Black and white both have one queen and the king. Is this game a draw?


3 Answers 3


The side to move first in KQ vs KQ wins in 41.75% of the positions. That's because the side to move first gets the first check, which is often decisive in these major-piece endgames - compare how many KQQ vs KQQ positions, which ostensibly have equal material, are won by the side to move first (83%).

Caveat: "positions" here refers to all legal positions, some of which might not be realistic in practical play.

  • 3
    Correct answer to the wrong question
    – David
    Oct 11, 2020 at 23:03
  • @David I don't understand your commend.
    – Allure
    Oct 12, 2020 at 9:22
  • 1
    I agreed with David's comment until clicking the link and reading the article. The way this answer is worded it seemed like it was only talking about KQQ vs KQQ. Might be worth improving the answer to make that clearer by including the text from the article
    – Darren H
    Oct 12, 2020 at 9:32
  • @Allure This question is about KQ vs KQ, not KQQ vs KQQ
    – David
    Oct 13, 2020 at 7:36

There are various positions that matter for pawn endgames. Often both sides promote to queen and then the side that moves first still wins.

This can happen right after promotion, when the king of the stronger side is close by.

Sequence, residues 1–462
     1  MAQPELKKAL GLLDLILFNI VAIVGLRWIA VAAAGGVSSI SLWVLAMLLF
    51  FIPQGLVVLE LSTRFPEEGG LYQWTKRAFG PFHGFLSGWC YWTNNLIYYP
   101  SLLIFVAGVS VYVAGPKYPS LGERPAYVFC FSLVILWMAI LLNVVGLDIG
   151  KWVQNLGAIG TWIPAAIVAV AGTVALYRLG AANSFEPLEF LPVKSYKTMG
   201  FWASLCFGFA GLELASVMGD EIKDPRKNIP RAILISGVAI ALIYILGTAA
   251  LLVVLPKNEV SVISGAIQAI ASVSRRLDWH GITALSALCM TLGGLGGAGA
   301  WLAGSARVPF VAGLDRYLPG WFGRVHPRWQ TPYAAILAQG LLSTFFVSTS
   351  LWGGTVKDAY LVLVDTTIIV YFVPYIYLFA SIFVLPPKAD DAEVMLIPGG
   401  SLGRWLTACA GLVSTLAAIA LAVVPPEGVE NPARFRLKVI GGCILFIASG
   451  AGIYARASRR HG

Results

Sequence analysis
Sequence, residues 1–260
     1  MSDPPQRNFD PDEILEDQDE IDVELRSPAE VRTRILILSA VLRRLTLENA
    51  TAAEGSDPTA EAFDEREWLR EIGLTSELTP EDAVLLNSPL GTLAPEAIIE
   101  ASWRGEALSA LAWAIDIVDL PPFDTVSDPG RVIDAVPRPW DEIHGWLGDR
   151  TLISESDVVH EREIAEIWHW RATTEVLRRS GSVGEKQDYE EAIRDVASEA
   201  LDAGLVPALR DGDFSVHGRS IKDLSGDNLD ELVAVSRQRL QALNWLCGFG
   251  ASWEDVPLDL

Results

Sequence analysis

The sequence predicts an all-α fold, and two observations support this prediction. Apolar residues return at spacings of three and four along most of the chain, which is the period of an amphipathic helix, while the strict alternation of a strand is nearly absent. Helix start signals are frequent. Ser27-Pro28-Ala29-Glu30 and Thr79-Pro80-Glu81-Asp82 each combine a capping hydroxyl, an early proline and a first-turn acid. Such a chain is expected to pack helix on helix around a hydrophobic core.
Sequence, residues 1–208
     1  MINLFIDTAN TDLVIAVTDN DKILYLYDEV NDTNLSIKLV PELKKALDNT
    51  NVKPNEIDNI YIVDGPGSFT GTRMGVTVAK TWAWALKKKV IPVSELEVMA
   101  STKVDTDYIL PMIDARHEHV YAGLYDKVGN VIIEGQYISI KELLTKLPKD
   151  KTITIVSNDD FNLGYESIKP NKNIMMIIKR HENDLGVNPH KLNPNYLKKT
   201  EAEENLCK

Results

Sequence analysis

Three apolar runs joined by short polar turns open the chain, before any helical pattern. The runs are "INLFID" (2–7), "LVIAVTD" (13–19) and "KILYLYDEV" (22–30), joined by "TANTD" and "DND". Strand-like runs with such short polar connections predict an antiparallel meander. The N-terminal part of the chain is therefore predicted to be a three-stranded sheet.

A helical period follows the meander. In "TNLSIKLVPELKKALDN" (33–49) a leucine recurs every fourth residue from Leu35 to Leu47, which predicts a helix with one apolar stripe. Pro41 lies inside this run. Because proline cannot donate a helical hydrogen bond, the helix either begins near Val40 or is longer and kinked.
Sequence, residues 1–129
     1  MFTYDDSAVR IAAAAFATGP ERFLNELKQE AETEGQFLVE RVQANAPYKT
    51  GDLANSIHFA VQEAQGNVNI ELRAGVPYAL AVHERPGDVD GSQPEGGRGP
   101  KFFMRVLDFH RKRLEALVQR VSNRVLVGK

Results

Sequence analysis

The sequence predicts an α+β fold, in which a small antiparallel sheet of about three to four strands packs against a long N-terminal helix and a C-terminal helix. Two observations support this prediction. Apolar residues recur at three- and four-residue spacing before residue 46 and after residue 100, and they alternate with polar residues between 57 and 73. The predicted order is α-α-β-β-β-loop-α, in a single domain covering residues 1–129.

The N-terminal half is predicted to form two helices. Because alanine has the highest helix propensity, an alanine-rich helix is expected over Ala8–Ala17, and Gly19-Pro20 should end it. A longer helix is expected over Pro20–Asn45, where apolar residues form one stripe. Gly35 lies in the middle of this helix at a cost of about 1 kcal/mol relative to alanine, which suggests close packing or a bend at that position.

Some examples:

[FEN "8/1KP1q3/8/8/3k4/8/8/8 w - - 0 1"]

1.Kb8?? {Ka8 is correct} Kc5! 2.c8=Q+ Kb6 {And white can't prevent checkmate}


[FEN "8/6p1/8/8/7k/5K2/2P5/8 w - - 0 1"]

1.Ke4! g5 2.c4 g4 3.c5 g3 4.Kf3 Kh3 5.c6 g2 6.c7 g1=Q 7.c8=Q+ {Check!} Kh4 {Otherwise Qh8#} 8.Qh8+ Kg5 9.Qg8+ {Wins the queen}


[FEN "8/8/8/p7/k7/3K4/3P4/8 w - - 0 1"]

1.Kc4! {Locking up the black king so it has to spend an extra tempo} Ka3 2.d4 Kb2 3.d5 a4 4.d6 a3 5.d7 a2 6.d8=Q a1=Q 7.Qd2+! Kb1 (7...Ka3 8.Qb4+ Ka2 Qb3#) 8.Kb3 {White wins. }

Source: 100 Endgames You Must Know, by Jesus de la Villa.

  • Nice, helpful examples.
    – rolando2
    Oct 12, 2020 at 15:11

Unless there is some forced sequence that leads to mate or either side losing the queen, King+Queen vs King+Queen will be an easy draw with correct play.

  • 2
    "Unless there is some forced sequence that leads to mate, it will be a draw with correct play" does this statement not apply to any position?
    – wimi
    Oct 12, 2020 at 7:59
  • From a game theory perspective, yes. But those mating/ queen-losing sequences can be simply calculated by a human in a matter of seconds.
    – David
    Oct 12, 2020 at 8:34

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